The obits of Marlon Brando, who died at 80 on July 1, emphasized his torn-T-shirt iconography and his Don Corleone; unsurprising, since Brando had the rare ability to embody, many times, a national mood. But to commemorate Brando as some kind of exalted trademark of the rebellious fifties or the ravaged seventies is to diminish his achievement, because there is so much more to these performances than sociology. Far too protean to stand as the emblem of anything, Brando ushered into the movies the present-tense immediacy of the Method, but his best performances go way beyond technique. What you get from Brando in On the Waterfront, A Streetcar Named Desire, or The Godfather, or as the furiously desolate Paul in Last Tango in Paris, is a quality of human observation and intuition equal to a great novelist’s.
In his very first movie, The Men, in which he plays a paraplegic vet, there’s a scene where he leaves the hospital to be with his bride on their wedding night, and his knee begins to shake uncontrollably as he sits in his wheelchair. His new wife, played by Teresa Wright, recoils slightly, and the look on Brando’s face, with its impasto of scorn and rage and woe, is so horrifying that he looks like a man whose life has been hauled out and murdered right in front of his eyes.
Brando could be equally eloquent in roles in which the character’s turmoil was deeply, spookily submerged. As Major Penderton in John Huston’s Reflections in a Golden Eye, adapted from a Carson McCullers novel, he played a man whose homosexuality is so repressed that it has become an incubus. As he trails the handsome soldier on whom he’s fixated (Robert Forster), the uncomprehending thrill of this brief, soft pursuit places him in a near trance. In one of the final scenes of the movie, when Brando looks into the mirror and rubs cold cream onto his waxy, immobile face in deluded expectation of his suitor’s arrival, the self-hypnosis is excruciatingly complete.
I’ve chosen examples from two lesser-known movies because too much of what was written and spoken about Brando at his death emphasized his Greatest Hits. Just because he did not have the glorious career we wanted for him should not blind us to all that he did accomplish. But why wasn’t there more? As one of Hollywood’s few geniuses, the sickening trajectory of his life has an all-too-familiar arc—Buster Keaton comes to mind, and Orson Welles, who like Brando swelled into a cartoon of himself.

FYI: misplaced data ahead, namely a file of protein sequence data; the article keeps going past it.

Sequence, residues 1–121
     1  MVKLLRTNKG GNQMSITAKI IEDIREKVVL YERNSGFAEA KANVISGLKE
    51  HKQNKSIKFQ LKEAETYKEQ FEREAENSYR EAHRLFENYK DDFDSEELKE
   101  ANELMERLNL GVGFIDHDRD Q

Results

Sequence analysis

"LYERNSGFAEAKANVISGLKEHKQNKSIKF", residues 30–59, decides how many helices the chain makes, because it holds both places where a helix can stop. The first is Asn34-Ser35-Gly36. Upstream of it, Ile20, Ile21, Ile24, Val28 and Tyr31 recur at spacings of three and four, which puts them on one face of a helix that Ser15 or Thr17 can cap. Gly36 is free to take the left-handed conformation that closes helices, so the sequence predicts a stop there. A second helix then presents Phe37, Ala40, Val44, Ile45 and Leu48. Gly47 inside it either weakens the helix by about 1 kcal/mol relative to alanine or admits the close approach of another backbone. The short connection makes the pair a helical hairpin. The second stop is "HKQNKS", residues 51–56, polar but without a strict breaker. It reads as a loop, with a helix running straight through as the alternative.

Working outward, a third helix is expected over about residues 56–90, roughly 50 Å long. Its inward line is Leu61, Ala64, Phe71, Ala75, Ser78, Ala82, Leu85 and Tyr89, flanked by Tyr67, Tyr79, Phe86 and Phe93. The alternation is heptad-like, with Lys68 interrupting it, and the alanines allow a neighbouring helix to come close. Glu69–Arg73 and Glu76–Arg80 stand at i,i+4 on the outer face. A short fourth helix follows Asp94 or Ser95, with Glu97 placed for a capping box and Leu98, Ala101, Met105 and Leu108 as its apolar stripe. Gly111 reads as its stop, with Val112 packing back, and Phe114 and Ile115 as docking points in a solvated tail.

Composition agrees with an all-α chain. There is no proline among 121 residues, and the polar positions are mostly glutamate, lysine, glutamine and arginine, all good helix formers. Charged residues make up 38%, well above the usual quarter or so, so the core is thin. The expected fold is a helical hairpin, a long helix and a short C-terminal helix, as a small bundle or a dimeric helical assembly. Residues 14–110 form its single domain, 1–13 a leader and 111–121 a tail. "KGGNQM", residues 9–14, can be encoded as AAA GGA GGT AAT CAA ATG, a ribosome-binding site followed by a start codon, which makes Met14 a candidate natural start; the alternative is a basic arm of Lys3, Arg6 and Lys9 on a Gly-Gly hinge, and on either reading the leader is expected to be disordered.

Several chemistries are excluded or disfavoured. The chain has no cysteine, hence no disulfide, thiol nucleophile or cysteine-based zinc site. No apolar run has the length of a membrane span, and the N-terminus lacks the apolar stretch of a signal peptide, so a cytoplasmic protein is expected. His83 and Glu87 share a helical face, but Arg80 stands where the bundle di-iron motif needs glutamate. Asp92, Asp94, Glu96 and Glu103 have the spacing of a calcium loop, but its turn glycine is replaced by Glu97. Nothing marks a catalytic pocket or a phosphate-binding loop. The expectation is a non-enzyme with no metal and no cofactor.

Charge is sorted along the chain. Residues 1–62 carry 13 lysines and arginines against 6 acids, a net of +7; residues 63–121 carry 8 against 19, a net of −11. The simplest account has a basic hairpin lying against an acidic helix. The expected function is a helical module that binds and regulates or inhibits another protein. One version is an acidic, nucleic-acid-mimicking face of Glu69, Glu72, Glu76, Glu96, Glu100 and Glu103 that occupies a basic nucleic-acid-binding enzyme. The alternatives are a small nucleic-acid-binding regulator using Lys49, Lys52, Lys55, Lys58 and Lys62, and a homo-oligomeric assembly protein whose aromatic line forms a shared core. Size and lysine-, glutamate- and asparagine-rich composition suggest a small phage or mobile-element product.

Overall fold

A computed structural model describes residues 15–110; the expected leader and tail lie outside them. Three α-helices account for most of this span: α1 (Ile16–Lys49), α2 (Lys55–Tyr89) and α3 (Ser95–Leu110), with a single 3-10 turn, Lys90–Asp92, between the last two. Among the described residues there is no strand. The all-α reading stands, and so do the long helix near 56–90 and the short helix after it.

And yet it would be a mistake to pin the damages of Brando’s career on Hollywood. He had the power few actors ever had to fulfill himself as an artist over a lifetime, and he threw it away. After Last Tango in Paris, when he was at his most bankable since his early years and coming off perhaps the finest performance ever put on film, he sat out the rest of the seventies and all its creative risk-taking and ferment, except for some lucrative cameos.
He chose never to appear again in a lead role. It was left to his spiritual progeny—De Niro and Pacino and the rest—to carry the torch. Why should we have been surprised at the fadeaway? After all, Brando never set foot onstage again after his triumph in Streetcar in 1947. He let it be known that acting, even at its highest level, was, in his words, “an empty and useless profession.” He despised what he did—and no one did it better.
Jeff Bridges is not often discussed as an heir to Brando, but he bears a connection in his impulsive sense of danger and in the seamless, wholly intuitive way in which he works. As Ted Cole, a womanizing children’s-book author and illustrator in The Door in the Floor, adapted by writer-director Tod Williams from the first third of John Irving’s chunky best-seller A Widow for One Year, Bridges redeems the clichéd role of spoiled artist-sot. He’s flamboyantly entertaining, which is more than this otherwise dreary movie deserves.
Irving’s raucous mix of heartbreak and slapstick is a familiar playground by now—we’ve swung on these mood swings before. Ted and his wife, Marion (Kim Basinger), are on the splits since their sons were killed in a car accident. Ted works out his grief gallivanting in the Hamptons, seducing the womenfolk into posing nude for him and drawing them in squid ink. Marion is a delicately pretty zombie who nevertheless finds the energy (just barely) for her own seduction with Ted’s callow 16-year-old summertime assistant, Eddie (Jon Foster), who looks like he can’t believe his luck. The Coles’ 4-year-old, Ruth (Elle Fanning), seems much the wisest of the bunch (not such a big achievement).
Williams is trying to make a movie about the different ways people cope with tragedy. Ted’s boozy, king-of-the-hill rampages are supposed to be the sport of a man who has lost all faith; Marion’s sleepwalk sorrow has brought her to a place where even her daughter can’t reach her.
Fortunately, Bridges is too canny an actor to play up the carousing-through-tears bit; there is the strong suggestion in his performance—it’s the most interesting thing in the movie—that Ted has healed far better than Marion, and that this is why they are breaking up. But it would helpful if we could get any sense from Basinger of how Marion was before the accident. She’s so blotto here that it’s difficult to imagine her any other way. Her sex scenes with Eddie, which ought to be rife with tenderness and spite and rue, just sit there. No doubt we’re meant to regard them as more realistic than the standard older woman–younger man movie scenes. But since when are dullness and realism synonymous? There’s so little going on between these two that by comparison, Dustin Hoffman and Anne Bancroft in The Graduate might be performing Ibsen.